1. Skip to content
  2. Skip to main menu
  3. Skip to more DW sites
Ottmar Edenhofer and Rejendra K. Pachauri
Image: picture-alliance/AP

IPPC language

Karin Jäger
October 29, 2015

A group of researchers has analyzed the reports of the Intergovernmental Panel on Climate Change (IPCC) and says the way they are phrased is too complex. Could clearer writing speed up action on global warming?


A group of researchers has analyzed the reports of the Intergovernmental Panel on Climate Change (IPCC) and says the way they are phrased is too complex. Could clearer writing speed up action on global warming?

They are the basis of political decisions about the ecological future of our planet; but the way the annual reports of the Intergovernmental Panel on Climate Change (IPCC) are written is too complex, researchers say. And that has consequences.

Even the „summary for policymakers“, which has to be approved line by line by the governments of the world, is so difficult in places that is not easily understood by anyone without a a Ph.D. or an IPCC background, the researchers say.

Nobel prize for Gore and the IPCC
Nobel prize for Gore and the IPCCImage: picture-alliance/dpa/E. Jarl

The IPCC is a scientific intergovernmental body. Among its members are governments as well as hundreds of international climate researchers and scientists from relevant disciplines. The IPCC was founded in 1988 by the United Nations Environment Programme (UNEP) and the World Meteorological Organization (WMO). In 2007, the IPCC even won the Nobel Peace Prize – together with former US Vice-President Al Gore.

The IPCC researchers produce climate scenarios and reports on the causes and possible effects of climate change. They also inform political decision makers about the latest scientific findings on climate research – a complex affair.

Is the devil in the detail?

Communicating these concepts and theories is tricky because neither politicians nor civil servants in government agencies, let alone lay people, understand in detail the information conveyed by the IPCC. The result: there are deficits when it comes to the implementation of the reports. That is the finding of an international team of researchers, who have analyzed the IPCC reports from the years 1990 to 2014. Their findings were published in the journal "Nature Climate Change."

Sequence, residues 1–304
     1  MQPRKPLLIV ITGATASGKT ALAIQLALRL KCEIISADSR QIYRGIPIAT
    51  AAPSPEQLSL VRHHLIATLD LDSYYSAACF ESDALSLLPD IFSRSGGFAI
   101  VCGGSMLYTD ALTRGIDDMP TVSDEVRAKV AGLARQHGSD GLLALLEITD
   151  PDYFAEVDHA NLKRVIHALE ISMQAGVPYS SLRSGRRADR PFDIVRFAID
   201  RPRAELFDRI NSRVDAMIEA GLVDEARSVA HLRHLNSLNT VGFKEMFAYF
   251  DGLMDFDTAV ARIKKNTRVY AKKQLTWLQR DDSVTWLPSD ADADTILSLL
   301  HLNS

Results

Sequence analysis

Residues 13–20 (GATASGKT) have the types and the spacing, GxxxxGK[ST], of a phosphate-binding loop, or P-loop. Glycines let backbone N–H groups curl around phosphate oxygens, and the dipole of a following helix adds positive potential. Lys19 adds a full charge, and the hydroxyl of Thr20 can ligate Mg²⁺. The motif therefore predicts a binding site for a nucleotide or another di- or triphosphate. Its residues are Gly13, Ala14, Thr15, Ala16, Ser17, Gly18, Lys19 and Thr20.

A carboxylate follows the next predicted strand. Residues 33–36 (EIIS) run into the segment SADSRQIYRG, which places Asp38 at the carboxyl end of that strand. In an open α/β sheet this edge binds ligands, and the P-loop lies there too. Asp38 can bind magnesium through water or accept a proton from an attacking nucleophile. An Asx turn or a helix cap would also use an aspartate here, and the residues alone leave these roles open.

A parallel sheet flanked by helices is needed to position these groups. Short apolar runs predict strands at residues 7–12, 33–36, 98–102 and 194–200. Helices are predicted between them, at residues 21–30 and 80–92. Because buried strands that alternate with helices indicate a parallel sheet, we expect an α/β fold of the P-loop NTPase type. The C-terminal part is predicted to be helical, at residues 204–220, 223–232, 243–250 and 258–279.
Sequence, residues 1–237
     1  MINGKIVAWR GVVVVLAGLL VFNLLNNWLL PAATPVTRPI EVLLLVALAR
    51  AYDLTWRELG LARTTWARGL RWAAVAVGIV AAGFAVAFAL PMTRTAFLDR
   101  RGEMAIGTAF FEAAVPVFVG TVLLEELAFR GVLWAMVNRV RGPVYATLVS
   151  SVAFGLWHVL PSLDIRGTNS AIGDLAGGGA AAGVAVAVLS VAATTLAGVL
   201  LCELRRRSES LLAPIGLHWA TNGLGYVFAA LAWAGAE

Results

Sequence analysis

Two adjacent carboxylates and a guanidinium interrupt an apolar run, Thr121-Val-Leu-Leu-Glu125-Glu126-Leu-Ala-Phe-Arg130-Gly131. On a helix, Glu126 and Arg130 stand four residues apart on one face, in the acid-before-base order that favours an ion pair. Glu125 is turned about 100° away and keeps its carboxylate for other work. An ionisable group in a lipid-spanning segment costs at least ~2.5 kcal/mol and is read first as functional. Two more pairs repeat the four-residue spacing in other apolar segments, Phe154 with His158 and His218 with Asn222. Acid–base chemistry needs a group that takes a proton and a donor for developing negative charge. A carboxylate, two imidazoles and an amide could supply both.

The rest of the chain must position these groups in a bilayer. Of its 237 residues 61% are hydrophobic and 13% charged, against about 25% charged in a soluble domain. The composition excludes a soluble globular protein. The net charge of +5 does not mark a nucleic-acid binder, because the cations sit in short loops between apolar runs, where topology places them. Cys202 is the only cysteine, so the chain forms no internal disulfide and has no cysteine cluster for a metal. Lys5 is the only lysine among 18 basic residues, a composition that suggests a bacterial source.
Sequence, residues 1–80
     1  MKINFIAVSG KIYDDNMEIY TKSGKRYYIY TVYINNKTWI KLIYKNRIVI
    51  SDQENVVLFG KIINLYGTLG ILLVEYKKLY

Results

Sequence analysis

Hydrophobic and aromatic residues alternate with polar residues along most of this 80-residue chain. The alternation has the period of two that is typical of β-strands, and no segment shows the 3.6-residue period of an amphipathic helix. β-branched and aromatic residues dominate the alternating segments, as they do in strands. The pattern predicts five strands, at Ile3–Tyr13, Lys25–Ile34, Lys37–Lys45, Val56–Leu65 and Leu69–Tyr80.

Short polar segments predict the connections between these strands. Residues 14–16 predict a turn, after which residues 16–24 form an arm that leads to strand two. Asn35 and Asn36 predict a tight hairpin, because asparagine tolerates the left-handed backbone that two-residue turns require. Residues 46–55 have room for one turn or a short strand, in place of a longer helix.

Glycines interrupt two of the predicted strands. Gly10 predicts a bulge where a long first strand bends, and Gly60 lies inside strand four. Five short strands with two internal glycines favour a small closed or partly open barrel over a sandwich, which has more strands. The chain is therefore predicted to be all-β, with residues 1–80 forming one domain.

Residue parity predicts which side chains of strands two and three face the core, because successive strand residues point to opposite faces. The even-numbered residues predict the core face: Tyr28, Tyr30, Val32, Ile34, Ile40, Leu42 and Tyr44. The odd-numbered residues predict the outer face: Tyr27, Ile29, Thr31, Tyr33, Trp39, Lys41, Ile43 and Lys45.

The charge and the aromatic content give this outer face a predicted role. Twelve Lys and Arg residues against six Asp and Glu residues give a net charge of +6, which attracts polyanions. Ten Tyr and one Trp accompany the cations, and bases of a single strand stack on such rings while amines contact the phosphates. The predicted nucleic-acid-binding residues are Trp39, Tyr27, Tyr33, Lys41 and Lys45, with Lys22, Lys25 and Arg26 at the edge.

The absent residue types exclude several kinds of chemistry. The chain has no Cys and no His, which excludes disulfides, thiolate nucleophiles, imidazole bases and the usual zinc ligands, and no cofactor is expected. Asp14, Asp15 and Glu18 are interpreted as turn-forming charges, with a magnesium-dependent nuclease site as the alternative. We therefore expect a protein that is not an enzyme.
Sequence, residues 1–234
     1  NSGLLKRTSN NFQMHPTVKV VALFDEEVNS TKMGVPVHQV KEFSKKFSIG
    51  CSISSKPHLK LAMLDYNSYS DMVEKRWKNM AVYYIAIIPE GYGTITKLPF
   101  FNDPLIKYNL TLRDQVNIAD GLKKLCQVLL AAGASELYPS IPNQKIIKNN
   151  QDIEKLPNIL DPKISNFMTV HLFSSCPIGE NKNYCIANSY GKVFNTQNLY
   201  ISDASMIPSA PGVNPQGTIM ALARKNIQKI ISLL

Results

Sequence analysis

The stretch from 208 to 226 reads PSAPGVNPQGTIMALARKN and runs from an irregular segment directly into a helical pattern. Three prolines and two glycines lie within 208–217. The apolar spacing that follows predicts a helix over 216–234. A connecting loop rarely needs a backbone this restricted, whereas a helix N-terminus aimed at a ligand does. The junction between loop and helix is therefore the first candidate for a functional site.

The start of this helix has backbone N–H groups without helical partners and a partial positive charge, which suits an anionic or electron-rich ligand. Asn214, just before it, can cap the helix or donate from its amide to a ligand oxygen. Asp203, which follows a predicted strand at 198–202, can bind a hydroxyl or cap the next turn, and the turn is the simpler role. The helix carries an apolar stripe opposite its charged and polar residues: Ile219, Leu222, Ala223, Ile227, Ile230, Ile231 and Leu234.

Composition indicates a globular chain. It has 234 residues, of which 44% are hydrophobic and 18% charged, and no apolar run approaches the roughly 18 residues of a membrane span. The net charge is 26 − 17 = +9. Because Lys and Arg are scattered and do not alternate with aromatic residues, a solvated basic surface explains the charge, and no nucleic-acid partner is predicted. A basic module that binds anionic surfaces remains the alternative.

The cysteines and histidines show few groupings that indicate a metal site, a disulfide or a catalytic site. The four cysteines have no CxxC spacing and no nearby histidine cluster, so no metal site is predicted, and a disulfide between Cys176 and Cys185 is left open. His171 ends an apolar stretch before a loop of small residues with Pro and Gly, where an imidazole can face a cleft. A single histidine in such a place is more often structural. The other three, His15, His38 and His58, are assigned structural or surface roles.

"The confusion caused by the style in which the summaries are written could be an obstacle to combating greenhouse gas emissions,” says Ralf Barkemeyer, lead author and an Associate Professor of Corporate Social Responsibility at Kedge Business School in Bordeaux, France. Barkemeyer assesses the readability to be extraordinarily low, since the texts are packed with unusually long sentences and technical terms.

Japan Yokohama Rajendra Pachaur IPCC Working Group II
Tough: communicating the IPCC findingsImage: Reuters

They are the result of weeks of negotiations between experts and government representatives. Word by word, sentence by sentence, line by line, they are phrased to be apolitical and satisfy all parties. The report of the IPCC in turn serves as the basis for the annual UN climate conference. The final report put together by the 194 member states is the only binding legal contract for climate policy under international law.

Ambivalently phrased text passages can have serious consequences for the environment, society and the economy, because the document also contains options and recommendations for adaptation to global warming and for limiting it.

Like a game of Chinese whispers?

Co-author of the language analysis Giulio Napolitano from the University of Bonn says the reasons the reports are so hard to follow, is the need to find compromises between the countries' different points of view.

The communication experts recommend that the IPCC improve the comprehensibility of its reports in order to make faster progress in the fight against global warming. As a result, the IPCC is currently looking into consulting with creative writers and graphic design experts in order to make the scientific reports more easily understandable.

Ralf Barkemeyer remains skeptical, however. He is concerned that bringing more parties into the process alongside the scientists and government representatives might just add to the confusion.

Skip next section Explore more
Skip next section DW's Top Story

DW's Top Story

A back view of protesters wearing the Israeli flag drapped over their shoulders

Israel's military reservists criticize judicial reform

Skip next section More stories from DW
Go to homepage